BornPoznan, Poland, 11 October 1903
DiedCracow, Poland, 11 March 1981
A versatile and prolific observer, Kazimierz Kordylewski discovered the “dust clouds” accompanying Lagrangian points L4 and L5 along the Earth’s orbit. Son of Wladyslaw and Franciszka (née Woroch) Kordylewski, he first attended Poznan University (1922–1924), after which he became an assistant at the Cracow Observatory (1924–1934) and later an adjunct instructor. Kordylewski received his Ph.D. at Jagiellonian University in Cracow (1932). He married Jadwiga Pojak in 1929; the couple had four children.
An accomplished mathematician, Kordylewski calculated the orbits of many comets and minor planets, although his principal work involved the photoelectric photometry of variable stars and the cinematography of solar eclipses. He discovered the nova T Corvi in 1926. Between 1939 and 1951, Kordylewski directed the scientific instruments section of the National Astronomical Copernicus Institute, at Cracow, as well as the institute itself. After 1958, he was chief of the observing station for artificial satellites, and edited the Eclipsing Binaries Circulars (1960–). Kordylewski was president of the Cracow branch of the Polish Astronomical Society (1956–).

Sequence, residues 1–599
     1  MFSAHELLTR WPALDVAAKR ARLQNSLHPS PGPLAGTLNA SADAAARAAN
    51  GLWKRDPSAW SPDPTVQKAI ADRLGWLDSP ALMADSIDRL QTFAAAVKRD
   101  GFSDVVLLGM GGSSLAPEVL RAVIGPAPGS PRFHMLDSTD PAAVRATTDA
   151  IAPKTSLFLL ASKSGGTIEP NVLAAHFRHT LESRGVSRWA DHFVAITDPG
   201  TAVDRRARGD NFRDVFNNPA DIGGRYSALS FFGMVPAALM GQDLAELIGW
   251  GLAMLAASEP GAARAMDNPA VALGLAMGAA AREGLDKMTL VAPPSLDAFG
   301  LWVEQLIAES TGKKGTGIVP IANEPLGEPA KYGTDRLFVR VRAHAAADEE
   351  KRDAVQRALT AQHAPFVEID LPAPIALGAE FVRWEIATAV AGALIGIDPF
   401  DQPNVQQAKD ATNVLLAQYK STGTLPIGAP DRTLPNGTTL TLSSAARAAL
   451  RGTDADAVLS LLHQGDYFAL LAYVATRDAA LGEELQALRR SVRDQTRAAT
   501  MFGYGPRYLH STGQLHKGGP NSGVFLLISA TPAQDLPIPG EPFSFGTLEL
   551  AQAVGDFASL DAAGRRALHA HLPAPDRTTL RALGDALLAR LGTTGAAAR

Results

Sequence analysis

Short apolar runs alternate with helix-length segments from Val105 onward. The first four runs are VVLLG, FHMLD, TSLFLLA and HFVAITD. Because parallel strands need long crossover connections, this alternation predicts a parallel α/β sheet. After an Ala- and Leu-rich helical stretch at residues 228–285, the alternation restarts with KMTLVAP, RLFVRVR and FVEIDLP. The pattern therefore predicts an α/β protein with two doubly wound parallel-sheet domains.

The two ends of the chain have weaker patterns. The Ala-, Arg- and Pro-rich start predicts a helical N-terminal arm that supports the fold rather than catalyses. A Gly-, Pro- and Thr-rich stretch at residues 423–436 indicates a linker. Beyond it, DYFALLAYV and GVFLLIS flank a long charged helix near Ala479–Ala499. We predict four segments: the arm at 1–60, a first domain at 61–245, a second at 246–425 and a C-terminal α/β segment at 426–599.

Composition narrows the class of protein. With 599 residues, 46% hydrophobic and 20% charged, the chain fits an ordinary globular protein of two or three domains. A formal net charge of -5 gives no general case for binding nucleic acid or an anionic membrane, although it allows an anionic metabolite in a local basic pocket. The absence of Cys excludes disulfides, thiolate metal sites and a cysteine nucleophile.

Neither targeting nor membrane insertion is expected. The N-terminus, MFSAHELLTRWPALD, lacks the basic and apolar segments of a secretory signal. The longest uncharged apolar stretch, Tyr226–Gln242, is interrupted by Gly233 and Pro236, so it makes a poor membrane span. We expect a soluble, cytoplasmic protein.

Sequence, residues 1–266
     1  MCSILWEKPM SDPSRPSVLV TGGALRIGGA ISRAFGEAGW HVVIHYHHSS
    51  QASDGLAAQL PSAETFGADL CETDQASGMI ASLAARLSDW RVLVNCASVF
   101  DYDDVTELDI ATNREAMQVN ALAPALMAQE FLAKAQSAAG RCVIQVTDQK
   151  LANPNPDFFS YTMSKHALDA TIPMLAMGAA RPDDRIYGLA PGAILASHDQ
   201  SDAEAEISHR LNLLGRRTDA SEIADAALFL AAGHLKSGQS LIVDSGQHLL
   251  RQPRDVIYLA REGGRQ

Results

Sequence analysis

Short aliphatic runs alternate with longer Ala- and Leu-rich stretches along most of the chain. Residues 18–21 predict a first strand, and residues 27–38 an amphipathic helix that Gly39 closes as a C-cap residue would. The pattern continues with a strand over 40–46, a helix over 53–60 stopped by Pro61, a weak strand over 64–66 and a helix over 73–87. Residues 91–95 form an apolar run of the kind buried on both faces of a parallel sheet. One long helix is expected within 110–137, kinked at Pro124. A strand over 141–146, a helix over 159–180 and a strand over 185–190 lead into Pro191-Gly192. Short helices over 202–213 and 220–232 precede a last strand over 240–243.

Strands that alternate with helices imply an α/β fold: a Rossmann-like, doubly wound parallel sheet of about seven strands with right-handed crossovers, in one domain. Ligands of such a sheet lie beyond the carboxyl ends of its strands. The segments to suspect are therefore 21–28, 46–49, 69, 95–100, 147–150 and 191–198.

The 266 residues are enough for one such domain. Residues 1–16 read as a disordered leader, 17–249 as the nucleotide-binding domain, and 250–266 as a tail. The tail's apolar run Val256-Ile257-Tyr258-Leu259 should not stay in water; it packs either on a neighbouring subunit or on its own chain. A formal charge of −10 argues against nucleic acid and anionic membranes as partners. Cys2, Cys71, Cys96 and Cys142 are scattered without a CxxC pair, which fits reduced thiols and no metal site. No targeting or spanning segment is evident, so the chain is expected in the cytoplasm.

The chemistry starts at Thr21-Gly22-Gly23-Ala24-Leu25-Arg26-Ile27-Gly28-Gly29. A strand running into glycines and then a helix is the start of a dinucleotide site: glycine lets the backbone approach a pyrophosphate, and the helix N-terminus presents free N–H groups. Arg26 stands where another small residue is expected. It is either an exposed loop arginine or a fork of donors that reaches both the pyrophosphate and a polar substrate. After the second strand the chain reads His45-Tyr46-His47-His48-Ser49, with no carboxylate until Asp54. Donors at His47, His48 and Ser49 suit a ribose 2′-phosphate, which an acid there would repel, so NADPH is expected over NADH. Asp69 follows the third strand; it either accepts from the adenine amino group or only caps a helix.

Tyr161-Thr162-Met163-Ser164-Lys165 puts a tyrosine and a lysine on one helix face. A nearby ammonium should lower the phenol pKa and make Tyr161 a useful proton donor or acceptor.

In 1951, Kordylewski began to hunt for small “Trojan” satellites of the Earth at the L4 and L5 libration points, located 60° ahead of and behind the Moon in its orbit. His initial visual search with a 30-cm refractor proved unsuccessful. Then in 1956, professor Josef Witkowski suggested that Kordylewski stop looking for solid bodies and search instead for faint luminous patches of dust. Following this advice, when observing from the Skalnaté Pleso Observatory in Czechoslovakia’s Tatras Mountains in 1956, Kordylewski managed to glimpse with his naked eye an exceedingly faint, diffuse patch of light subtending an apparent angle of 2° at one of the Lagrangian points. He estimated its brightness as only half that of the notoriously difficult Gegenschein. In March and April of 1961, Kordylewski succeeded in capturing images of these transient clouds on film and subjected them to isodensitometry measurements.
Although they were observed as early as January 1964 by the American amateur astronomer John Wesley Simpson (1914–1977) and his colleagues in the Santa Cruz Mountains of California, the reality of the Kordylewski clouds was debated until 1975, when J. R. Roach announced their detection using data acquired over a 15-month period by the Orbiting Solar Observatory 6 [OSO-6] spacecraft. The clouds were subsequently photographed on many occasions by Maciej Winiarski, using batteries of wide-angle cameras at a dark site in Poland’s Bieszczady Mountains. Thus, Kordylewski is remembered as the discoverer of these ephemeral natural satellites of the Earth, the culmination of a century-long hunt for a “second Moon.”